Bellinger: Altuve stole MVP from Yankees' Judge
GLENDALE, Ariz. (AP) -- Cody Bellinger thinks Houston's Jose Altuve stole the 2017 AL MVP award from the Yankees' Aaron Judge and the Astros swiped that year's World Series title from the Los Angeles Dodgers.
''These guys were cheating for three years,'' Bellinger said Friday at the Dodgers spring training camp. ''I think what people don't realize is Altuve stole an MVP from Judge in '17. Everyone knows they stole the ring from us.''
The reigning NL MVP, Bellinger criticized Astros owner Jim Crane's attempt at an apology Thursday and called MLB Commissioner Rob Manfred's punishment ''weak.'' Manager AJ Hinch and Jeff Luhnow were suspended for one season each, and the team was fined $5 million and stripped of its first- and second-round draft picks in 2020 and '21. The Astros then fired Hinch and Luhnow.
MLB found the Astros guilty of using video to steal catchers' signs in 2017 and 2018. Bellinger thinks the conduct continued throughout last season.
''One-hundred percent,'' Bellinger said. ''I don't know why they would stop.''
Bellinger wasn't the only angry Dodgers player as formal spring training workouts started.
''It's like ripping open a scab,'' veteran infielder Justin Turner said. ''Rip off the scab and you try to re-heal, I guess. But there's no way to hit the re-set button. What's done is done. Lucky for us, we don't play them this season. Let everybody else deal with them.''
Dodgers ace Clayton Kershaw said he has come to terms with the scandal, yet he also understands why his teammates are angry.
''You start talking about how it really affected people,'' Kershaw said. ''You've got guys who maybe got kicked out of the league because they got beaten by Houston in 2017. You got guys who maybe should have won MVP or whatever. Stats that are changed. It's just a bad feeling, because you're kind of helpless. I think guys don't really know how to feel, because it's never happened before.''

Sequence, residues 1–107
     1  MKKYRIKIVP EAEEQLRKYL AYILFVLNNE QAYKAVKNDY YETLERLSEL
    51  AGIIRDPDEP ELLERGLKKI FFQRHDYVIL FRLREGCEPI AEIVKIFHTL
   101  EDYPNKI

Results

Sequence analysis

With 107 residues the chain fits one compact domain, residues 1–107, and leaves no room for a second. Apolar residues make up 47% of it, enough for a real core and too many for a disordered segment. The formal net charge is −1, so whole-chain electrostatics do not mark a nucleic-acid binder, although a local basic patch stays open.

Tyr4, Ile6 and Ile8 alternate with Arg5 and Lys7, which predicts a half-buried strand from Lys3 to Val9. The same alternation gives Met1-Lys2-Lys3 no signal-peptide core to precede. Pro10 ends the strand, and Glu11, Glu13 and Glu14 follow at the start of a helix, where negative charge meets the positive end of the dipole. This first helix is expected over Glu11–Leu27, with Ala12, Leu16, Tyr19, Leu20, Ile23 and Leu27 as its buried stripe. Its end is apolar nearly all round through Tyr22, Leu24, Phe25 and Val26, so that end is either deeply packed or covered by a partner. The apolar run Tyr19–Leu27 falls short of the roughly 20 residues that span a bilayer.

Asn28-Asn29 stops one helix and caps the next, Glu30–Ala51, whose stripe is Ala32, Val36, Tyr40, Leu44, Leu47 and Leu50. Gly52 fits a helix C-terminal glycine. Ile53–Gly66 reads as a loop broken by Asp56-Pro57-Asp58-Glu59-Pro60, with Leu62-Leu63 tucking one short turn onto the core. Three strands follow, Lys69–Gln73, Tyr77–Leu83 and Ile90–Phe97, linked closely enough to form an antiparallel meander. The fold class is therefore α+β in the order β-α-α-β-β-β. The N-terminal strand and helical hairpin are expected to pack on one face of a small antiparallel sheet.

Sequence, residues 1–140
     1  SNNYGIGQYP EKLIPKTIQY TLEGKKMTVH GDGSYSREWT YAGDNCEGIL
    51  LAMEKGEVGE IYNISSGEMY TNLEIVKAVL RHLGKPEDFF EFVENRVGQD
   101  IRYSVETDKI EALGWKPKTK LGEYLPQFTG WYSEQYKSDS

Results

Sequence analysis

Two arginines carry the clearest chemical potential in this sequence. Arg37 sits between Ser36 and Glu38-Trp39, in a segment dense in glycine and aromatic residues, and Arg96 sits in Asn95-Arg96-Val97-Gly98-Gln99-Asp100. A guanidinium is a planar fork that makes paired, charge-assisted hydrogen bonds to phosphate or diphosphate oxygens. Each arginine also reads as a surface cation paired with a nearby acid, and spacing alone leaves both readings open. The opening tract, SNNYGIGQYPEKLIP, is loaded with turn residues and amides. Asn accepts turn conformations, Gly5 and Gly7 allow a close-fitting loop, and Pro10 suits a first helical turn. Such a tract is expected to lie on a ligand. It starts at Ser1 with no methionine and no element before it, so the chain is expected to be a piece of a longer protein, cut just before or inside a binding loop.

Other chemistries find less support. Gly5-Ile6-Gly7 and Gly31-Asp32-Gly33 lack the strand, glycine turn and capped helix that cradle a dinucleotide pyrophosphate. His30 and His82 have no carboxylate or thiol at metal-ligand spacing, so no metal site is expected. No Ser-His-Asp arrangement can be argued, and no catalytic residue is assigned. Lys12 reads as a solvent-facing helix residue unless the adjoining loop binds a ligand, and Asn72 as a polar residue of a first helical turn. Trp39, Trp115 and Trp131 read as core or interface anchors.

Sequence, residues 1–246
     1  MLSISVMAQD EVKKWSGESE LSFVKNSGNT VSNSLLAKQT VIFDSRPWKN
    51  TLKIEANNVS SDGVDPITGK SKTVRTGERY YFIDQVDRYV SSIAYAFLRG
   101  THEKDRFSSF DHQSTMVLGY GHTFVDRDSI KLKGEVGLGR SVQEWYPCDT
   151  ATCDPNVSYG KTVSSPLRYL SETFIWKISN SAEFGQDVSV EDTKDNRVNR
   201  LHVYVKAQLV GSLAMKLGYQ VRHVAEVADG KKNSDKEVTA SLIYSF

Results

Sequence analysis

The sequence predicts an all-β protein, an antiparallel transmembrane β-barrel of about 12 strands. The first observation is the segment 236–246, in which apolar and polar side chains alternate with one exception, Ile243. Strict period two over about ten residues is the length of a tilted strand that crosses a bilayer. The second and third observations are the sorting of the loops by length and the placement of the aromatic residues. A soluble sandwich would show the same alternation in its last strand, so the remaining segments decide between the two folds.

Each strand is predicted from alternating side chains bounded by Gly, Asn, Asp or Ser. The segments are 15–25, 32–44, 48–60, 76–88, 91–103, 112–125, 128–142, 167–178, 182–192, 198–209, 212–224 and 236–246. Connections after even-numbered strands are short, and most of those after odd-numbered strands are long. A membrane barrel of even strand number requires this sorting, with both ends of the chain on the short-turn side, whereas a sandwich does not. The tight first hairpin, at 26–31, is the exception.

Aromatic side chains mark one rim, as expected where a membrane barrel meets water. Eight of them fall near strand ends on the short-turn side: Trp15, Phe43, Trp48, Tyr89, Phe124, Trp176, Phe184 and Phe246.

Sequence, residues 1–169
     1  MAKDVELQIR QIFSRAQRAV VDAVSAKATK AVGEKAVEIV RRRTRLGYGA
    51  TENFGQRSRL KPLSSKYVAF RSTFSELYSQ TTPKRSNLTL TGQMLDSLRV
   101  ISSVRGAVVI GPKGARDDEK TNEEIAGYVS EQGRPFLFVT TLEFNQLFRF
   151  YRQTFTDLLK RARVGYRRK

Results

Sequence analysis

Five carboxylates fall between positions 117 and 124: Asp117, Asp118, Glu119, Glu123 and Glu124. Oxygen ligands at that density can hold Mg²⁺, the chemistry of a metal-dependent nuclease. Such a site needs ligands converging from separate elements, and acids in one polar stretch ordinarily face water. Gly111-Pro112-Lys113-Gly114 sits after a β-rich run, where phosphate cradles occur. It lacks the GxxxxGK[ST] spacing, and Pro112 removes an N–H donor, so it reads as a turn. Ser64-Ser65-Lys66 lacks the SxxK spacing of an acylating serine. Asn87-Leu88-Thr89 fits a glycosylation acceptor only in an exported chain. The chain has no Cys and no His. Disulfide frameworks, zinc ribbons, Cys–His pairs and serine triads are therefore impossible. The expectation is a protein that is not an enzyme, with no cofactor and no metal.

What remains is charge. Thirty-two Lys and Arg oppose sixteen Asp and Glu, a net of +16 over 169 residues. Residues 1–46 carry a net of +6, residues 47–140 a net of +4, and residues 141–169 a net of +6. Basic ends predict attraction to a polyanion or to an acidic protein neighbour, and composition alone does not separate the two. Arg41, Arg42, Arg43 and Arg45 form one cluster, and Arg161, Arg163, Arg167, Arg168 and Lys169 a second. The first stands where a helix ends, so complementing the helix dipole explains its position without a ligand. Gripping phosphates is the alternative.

Alex Wood, who re-signed with the Dodgers after spending last season with Cincinnati, said fans don't understand the impact of the Astros' behavior, citing pitchers whose ERAs were inflated by Houston batters. He said some may have loss $300,000 to $400,000 in salary.
''I'd rather face a guy on steroids than a guy who knows what's coming,'' Wood said. ''This is your life. The trickle-down effect is huge.''
There has been speculation Astros batters might face on-field retaliation from opposing pitchers.
''My wife and I were just talking about that,'' Wood said. ''You'd be hard-pressed to say no. I mean, they messed with a lot of guys' lives. I don't condone that type of behavior. We don't play them.
''But it wouldn't surprise me if something like that happened, just to be honest. It's funny, because I'm pretty sure it probably will happen. Somebody will take it into their own hands, and they'll get suspended more than any of those guys got for the biggest cheating scandal in 100 years. It'll be pretty ironic when that happens, because I'm sure that's how it will end up playing out.''
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